I'd attempt to explain why Kevin Harvick was a tough guy in the early stages of his NASCAR career, but I'll let the videos speak for themselves. For example, the video to the left is from an incident between Harvick and Greg Biffle during a March 2002 Nationwide race at Bristol.

    Here's Harvick arguing with Ricky Rudd after a Sept. 2003 Sprint Cup race at Richmond.

    Harvick knocking the late Bobby Hamilton out of the lead during an Oct. 2001 race at Martinsville.

    He has certainly calmed down since then, as his cool head showed during this summer's short feud with Joey Logano.

    Harvick certainly is tough.

5. Bill Elliott

6 of 10

    (Before anyone complains, Elliott is still active.)

    "Awesome Bill from Dawsonville" has suffered from a pair of maladies throughout his lengthy career, including a dislocated hip caused by this crash that cost him a few weeks in 1996.

    Elliott, as defending Sprint Cup champion in 1989, broke a wrist in Daytona testing which caused him to utilize the support of a relief driver through most of the season's campaign.

    Elliott certainly is tough.

4. Denny Hamlin

7 of 10

    DARLINGTON, SC - MAY 08:  Denny Hamlin, driver of the #11 FedEx Express Toyota, celebrates with the trophy in victory lane in celebration of winning the NASCAR Sprint Cup series SHOWTIME Southern 500 at Darlington Raceway on May 8, 2010 in Darlington, Sou
    Jason Smith/Getty Images

    Denny Hamlin's spot on this list is earned through what he accomplished this season.

    Hamlin drove most of the season while suffering from a torn ACL, receiving surgery in late March.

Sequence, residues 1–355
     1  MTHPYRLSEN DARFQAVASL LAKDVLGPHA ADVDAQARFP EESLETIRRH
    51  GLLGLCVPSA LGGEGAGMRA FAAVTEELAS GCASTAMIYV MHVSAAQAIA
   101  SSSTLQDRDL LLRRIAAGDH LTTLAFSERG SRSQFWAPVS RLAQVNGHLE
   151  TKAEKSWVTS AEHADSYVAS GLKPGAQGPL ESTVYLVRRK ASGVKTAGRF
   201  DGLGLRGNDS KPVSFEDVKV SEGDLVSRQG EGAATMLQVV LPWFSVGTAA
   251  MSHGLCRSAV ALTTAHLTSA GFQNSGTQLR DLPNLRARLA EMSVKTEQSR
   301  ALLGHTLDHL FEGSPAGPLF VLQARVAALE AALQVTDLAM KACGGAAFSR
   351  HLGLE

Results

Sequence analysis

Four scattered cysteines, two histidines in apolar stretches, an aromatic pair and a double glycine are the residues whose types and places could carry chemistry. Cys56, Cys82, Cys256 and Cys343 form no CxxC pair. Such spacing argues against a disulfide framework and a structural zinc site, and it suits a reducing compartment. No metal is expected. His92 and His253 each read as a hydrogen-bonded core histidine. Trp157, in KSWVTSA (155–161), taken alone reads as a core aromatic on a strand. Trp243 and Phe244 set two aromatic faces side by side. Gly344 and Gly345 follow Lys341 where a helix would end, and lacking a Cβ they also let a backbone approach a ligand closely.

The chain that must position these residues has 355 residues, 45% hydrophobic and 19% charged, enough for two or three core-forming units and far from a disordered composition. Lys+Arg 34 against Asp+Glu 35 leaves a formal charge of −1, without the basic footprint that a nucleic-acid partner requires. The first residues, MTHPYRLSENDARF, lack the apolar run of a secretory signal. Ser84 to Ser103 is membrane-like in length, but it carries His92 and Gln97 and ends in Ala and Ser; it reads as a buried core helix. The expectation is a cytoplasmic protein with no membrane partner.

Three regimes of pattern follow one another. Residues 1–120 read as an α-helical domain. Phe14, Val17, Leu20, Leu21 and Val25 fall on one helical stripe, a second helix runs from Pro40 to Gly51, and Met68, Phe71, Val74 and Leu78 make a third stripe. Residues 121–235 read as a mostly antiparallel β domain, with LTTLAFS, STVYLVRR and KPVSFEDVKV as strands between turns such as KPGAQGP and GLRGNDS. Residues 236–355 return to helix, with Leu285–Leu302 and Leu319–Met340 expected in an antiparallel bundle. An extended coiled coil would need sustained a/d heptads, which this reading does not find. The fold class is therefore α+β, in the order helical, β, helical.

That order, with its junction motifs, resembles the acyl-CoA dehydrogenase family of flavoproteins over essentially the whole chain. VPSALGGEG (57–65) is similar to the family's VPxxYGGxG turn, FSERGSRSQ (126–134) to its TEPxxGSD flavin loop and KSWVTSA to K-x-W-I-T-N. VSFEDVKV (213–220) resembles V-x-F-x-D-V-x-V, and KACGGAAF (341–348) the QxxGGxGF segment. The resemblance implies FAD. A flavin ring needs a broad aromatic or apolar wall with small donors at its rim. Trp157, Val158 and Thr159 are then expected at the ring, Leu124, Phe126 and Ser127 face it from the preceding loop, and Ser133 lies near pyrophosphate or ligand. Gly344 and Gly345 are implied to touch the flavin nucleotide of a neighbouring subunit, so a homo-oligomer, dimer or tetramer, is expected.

To the competition, however, Hamlin looked perfectly fine, as the Virginia native won a race at Martinsville prior to his surgery and won at Texas three weeks after the procedure.

    For driving through the pain and claiming victory, Hamlin certainly is tough.

3. Kyle Busch

8 of 10

    Much like Kevin Harvick's inclusion on this list, I'll stick to the videos to provide evidence of Busch's toughness, like his punting of Earnhardt Jr. in the May 2008 race at Richmond.

    Here's his classic incident with Brad Keselowski at Bristol last August.

    Also, a confrontation with Steve Wallace at Richmond in May 2008.

    Kyle Busch has earned the right to be tough.

2. Dale Earnhardt Jr.

9 of 10

    Earnhardt Jr. earns a spot on this list after surviving this horrific crash during practice for an American Le Mans Series race in 2004, receiving minor burns.

    Those minor burns forced him to get relief from Martin Truex Jr. in the following weekend's Sprint Cup race at New Hampshire.

    Surviving this crash alone makes Earnhardt Jr. tough.

1. Tony Stewart

10 of 10

    Stewart would be on this list for surviving that crash without injury alone.

    However, his gruff and aggressive demeanor on the track have earned him the nickname "Smoke," always willing to open his mind if the situation allows him to.

    In his first two years in the sport, Stewart had feuds with both Jeff and Robby Gordon.

    After he calmed down a bit with age, the Indiana native memorably drove cars through grass at Daytona, and become a fan favorite as he won two Sprint Cup championships.

    He's still without a Daytona 500 trophy.

    Wait, where have we heard this before?

    What are your thoughts on this list? Leave them in the comments section below.

    Ryan Papaserge is a junior Journalism/Mass Communication student at St. Bonaventure University and a writing intern at Bleacher Report.